Beyoncé, as she famously sang in the song “Formation,” may have hot sauce in her bag, but does she have Popeyes on her radar?
That’s what some on social media started discussing when Queen Bey took to Instagram earlier this month to tease the Jan. 18 drop of her Adidas X Ivy Park collection — the first since she announced she’d partnered with the German company.
That’s because the maroon and orange color palette of the athleisure brand’s offerings were strikingly similar to the those behind the counter at the Popeyes Louisiana Kitchen chicken restaurants.
Among those paying close attention were the folks on Popeyes’ marketing team. After the Ivy Park collection hit retail (and quickly sold out), they stepped in with a genius effort to leverage the buzz.
They created the website thatlookfrompopeyes.com, which offered up pieces from its standard-issue team-member uniforms (including hooded jackets, short-sleeve polos, sweatshirts and visors) modeled by employees in photos that perfectly mimicked the look and feel of the images in the official Adidas X Ivy Park advertising campaign.
Announced on Instagram on Wednesday, the offerings sold out in less than 24 hours (some items disappeared within an hour, according to a company, which gives a whole new meaning to fast food), making the Popeyes offering every bit as popular as the real deal.
Did the Ivy Park design team intentionally take inspiration from or pay homage to the chicken joint? (We’re not sure because, as of this writing, brand representatives haven’t responded to our inquiry.) If they did, it certainly wouldn’t be the first time fashion feasted on fast food. Jeremy Scott’s riff on McDonald’s for Moschino comes to mind, as does the growing number of food-themed sneakers.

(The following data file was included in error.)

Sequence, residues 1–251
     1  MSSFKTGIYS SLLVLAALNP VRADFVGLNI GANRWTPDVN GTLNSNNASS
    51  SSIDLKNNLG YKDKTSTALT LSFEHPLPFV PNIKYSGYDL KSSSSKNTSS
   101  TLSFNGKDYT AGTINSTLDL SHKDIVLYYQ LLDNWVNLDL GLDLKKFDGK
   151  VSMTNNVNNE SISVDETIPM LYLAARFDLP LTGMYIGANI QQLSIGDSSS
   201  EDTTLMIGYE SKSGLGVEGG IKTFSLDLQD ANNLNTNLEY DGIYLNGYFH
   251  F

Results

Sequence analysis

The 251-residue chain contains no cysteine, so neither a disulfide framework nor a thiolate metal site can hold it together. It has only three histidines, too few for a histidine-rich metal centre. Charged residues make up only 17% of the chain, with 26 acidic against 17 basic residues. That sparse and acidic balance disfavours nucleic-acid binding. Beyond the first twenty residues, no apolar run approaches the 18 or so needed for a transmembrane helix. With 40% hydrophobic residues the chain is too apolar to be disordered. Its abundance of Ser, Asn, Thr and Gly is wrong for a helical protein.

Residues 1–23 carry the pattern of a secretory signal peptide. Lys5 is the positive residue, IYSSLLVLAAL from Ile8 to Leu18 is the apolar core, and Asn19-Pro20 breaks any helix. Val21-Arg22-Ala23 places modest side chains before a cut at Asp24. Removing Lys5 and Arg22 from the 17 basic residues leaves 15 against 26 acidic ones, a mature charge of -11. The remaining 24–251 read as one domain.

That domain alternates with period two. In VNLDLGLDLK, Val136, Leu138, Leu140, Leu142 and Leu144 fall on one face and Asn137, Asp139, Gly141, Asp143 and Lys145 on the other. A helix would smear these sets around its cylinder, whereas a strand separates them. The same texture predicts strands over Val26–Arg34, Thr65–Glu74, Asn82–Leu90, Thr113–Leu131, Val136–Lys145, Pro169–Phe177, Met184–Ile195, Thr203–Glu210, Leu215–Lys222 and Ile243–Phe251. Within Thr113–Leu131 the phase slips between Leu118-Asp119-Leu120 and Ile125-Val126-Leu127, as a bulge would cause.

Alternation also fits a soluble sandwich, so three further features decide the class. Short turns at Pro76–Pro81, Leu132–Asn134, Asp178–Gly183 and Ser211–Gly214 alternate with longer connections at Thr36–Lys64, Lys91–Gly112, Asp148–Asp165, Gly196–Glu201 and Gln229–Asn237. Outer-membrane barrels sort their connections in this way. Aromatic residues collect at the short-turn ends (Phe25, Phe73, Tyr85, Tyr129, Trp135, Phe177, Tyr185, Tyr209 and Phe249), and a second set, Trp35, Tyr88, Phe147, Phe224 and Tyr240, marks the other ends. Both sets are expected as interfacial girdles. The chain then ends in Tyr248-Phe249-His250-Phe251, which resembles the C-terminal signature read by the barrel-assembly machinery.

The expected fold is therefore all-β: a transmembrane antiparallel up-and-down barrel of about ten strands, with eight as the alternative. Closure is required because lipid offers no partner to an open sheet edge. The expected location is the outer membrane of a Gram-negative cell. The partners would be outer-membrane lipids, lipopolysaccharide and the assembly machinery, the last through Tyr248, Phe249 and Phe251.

Conspiracy theorists might be interested to know that before founder Alvin C. Copeland Sr. changed the name to Popeyes, it operated for several months in 1972 as Chicken on the Run. In 2014 Beyoncé and Jay Z co-headlined a concert tour called — wait for it — On the Run.
And, in the end, there’s really no reason to cry fowl here (we couldn’t resist) because 100% of the proceeds from the sale of the Popeyes uniform merchandise is going to the Popeyes Foundation, a charitable organization whose mission is “to strengthen our communities with food and support in times of need.”
According to a Popeyes representative, the initial run of merchandise at the pop-up website generated $20,000 for the foundation’s efforts.
If you missed out on getting your hands on some of the “Popeyes Park” merchandise, don’t despair. There might still be a way — beyond applying for a job there — to score some.
“Once again our fans humbled us with their outpouring of love for our brand,” a Popeyes spokesperson told The Times on Thursday. “We will be restocking, [so] keep an eye on the website.”